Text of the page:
Final Fantasy XII Review (PS2)
Epic new story, bold new combat system, same old high quality Square Enix production values. If you don't yet own Final Fantasy XII, read this review to find out why you should.
In this review, we're going to take a look at the most recently released primary installment of the world's most popular RPG series, Final Fantasy XII for the Sony Playstation 2. Released in 2006 and published as always by Square Enix, Final Fantasy XII continued the series' longstanding tradition of excellent sales and tremendous critical acclaim, garnering not only exceptionally high reviews from most members of the gaming media as well as "Best Of" awards from numerous publications. Odds are, most roleplaying fans have already picked up and played through this remarkable title, but in case you haven't, here's why you should.
As with many Final Fantasy titles of the past, from the very first moment that you boot up the disc, you'll be overwhelmed with the opening cinema's "wow" factor. Not only was I blown away that CG this good was possible on the PS2, but I couldn't get over how close in quality it seemed to the Lord of the Rings movies. The in-game graphics are quite nice as well. The game features large, well formulated character models, creative monster design and a wide array of varied environments to explore. It's the best looking Final Fantasy released to date (though certain to be outdone by the upcoming Final Fantasy XIII) as well as one of the most visually attractive Playstation 2 titles of all time. Then again, we've come to expect such excellence from Square Enix.
We've also come to expect high quality sound work, and in some ways, FF XII fails to live up to the developer's past work. On the one hand, the voice acting here is fantastic -- far better than in Final Fantasy X. All of the voice actors do an excellent job, and the British accents are quite pleasing to the ear. Music wise, however, the work pails in comparison to other games in the series. Longtime series composer Nobuo Uematsu did only limited work on the score, and unfortunately his absence shows. That's not to say the music is terrible or anything, but it is a tad bit of a disappointment, if only because of the game's tremendous lineage. I'm going to award this category a solid four stars, which seem a little unfair given the quality vocal work, but the fact of the matter is that Final Fantasy XII winds up being a victim of its own expectations in the sound department.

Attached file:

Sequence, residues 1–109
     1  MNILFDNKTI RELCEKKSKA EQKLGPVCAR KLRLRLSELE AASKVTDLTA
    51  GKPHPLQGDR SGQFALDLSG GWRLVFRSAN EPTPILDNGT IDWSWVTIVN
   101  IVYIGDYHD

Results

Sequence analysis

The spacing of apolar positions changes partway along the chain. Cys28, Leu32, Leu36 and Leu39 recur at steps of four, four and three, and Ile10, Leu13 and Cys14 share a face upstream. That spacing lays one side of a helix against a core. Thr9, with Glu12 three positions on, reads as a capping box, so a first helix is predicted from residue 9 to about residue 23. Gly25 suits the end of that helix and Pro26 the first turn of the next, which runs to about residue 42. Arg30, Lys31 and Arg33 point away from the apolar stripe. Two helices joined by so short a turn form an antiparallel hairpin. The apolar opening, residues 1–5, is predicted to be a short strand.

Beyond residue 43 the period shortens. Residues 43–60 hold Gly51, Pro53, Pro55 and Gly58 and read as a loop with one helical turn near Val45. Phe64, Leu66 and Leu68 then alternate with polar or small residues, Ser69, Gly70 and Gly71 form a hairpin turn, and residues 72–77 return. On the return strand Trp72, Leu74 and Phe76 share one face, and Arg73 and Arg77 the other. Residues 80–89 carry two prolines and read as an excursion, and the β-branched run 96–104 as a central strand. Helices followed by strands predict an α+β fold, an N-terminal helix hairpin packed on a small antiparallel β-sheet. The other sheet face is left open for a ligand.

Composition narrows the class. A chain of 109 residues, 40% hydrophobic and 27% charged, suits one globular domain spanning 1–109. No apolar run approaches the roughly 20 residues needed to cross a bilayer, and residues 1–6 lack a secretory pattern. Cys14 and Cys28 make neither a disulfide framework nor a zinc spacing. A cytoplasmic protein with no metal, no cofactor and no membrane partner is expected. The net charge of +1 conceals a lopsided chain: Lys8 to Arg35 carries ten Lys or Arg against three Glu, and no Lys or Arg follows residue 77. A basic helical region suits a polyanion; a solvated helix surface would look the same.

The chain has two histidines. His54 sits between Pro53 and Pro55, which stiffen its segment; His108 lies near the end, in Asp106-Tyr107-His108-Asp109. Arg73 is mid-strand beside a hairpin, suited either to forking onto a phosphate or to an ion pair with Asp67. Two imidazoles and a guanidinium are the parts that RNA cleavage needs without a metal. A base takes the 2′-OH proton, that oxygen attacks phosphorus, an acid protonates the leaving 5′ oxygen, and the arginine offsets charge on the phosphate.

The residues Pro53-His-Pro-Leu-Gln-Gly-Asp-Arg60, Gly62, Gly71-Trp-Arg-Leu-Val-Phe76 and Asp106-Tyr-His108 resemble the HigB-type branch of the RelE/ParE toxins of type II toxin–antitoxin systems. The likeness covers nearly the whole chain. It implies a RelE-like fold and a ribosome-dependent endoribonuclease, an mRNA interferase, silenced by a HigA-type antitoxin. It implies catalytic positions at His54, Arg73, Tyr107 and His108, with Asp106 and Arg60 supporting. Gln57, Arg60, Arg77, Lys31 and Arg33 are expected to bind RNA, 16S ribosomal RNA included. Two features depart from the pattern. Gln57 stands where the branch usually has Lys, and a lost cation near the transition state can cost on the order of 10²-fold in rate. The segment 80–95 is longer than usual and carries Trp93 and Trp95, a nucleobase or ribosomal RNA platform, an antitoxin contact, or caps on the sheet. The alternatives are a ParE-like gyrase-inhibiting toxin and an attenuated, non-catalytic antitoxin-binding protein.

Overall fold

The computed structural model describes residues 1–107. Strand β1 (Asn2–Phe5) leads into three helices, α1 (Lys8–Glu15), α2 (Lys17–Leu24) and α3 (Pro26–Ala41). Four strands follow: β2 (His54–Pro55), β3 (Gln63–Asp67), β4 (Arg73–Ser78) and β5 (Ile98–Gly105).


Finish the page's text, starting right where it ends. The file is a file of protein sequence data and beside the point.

The tone of Final Fantasy XII is closer in line to the original Final Fantasy Tactics than other games in the series, which means it is less straightforward and heavier on the political intrigue. Personally, I like the more complex plot featured in this game. As it opens, players witness the wedding of Princess Ashe of Dalmasca and Prince Rasler of Nabradia, a marriage meant to unify the two kingdoms. Unfortunately, their bliss is interrupted by an invasion from the Archadian Empire. Ashe's husband is killed, her father kidnapped and later murdered, and a famed Dalmascan knight named Basch is apparently responsible for his death. Ashe and Basch are two of the characters who figure prominently in the game, and several other members of the cast, including protagonist Vaan, his lady friend Penelo, and sky pirates Balthier and Fran also get caught up in the conflict. Each member of the cast has his or her own story, as well as his or her own secrets. Things are too complicated to describe in great detail here, but rest assured, the story is suitably epic. In fact, it's one of my favorite Final Fantasy tales to date.
A more politically-driven plot line isn't the only change that Square Enix experimented with in Final Fantasy XII. Gone are random encounters and the turn-based and active-time battles that every other single-player main entry in the series have utilized. Instead, all battles take place on the world map, using something known as the Active Dimension Battle or ADB system. It's hard to explain, but essentially how it works is that each character has a series of commands called "gambits" which are used to program how they behave in battle. It is rather detailed, and over time, you will be able to instruct a character to, for example, attack unless a party member takes a certain amount of damage, and then they will automatically switch their focus to healing. It is a radical departure for the series, but it works quite well -- just be careful out on the field, because in most locations, there are immensely powerful creatures you will most likely need to avoid or free from until much later in the game. Other changes Final Fantasy veterans should be aware of include the fact that enemies now drop loot instead of gil (the game's currency) and the fact that new skills and other various enhancements need to be purchased via the license board. Even if you think you prefer the old-school style Final Fantasy gameplay, don't be scared off, because FF XII controls excellently and is a ton of fun to play.
Change can be good, and Final Fantasy XII proves it. While it does have many of the series trademark elements, such as the ability to level up, summon Espers, explore vast environments and multi-floored dungeons, and battle impressive looking boss creatures, the fact is that it doesn't exactly look or feel like any other Final Fantasy title you've ever played. The unique story and the tweaks to the battle system made this feel exceptionally fresh and new, but make no mistake. This is a Final Fantasy title in every way. With exceptional production values, fantastic writing, fun combat and incredibly deep gameplay, this is one of Square Enix's finest console efforts in years. If you don't already own a copy, this is absolutely a must-buy, especially now that the price has dipped below the $20 mark at most electronics stores and video game retailers.